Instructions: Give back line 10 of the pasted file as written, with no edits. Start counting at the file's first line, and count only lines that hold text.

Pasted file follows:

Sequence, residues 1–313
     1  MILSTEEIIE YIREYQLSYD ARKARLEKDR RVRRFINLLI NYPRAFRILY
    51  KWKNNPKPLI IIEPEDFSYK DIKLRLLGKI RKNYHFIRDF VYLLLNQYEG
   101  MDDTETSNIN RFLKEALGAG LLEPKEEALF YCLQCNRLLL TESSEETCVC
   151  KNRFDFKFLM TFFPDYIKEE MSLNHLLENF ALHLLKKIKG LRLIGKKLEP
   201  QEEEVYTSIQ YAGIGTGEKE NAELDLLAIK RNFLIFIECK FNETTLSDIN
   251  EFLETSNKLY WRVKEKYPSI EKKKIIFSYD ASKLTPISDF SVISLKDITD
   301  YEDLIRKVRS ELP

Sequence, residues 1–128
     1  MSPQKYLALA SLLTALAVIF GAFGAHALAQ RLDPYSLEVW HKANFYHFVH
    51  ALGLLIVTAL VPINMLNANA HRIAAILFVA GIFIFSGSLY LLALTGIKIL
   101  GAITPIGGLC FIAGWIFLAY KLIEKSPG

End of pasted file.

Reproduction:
     1  MSPQKYLALA SLLTALAVIF GAFGAHALAQ RLDPYSLEVW HKANFYHFVH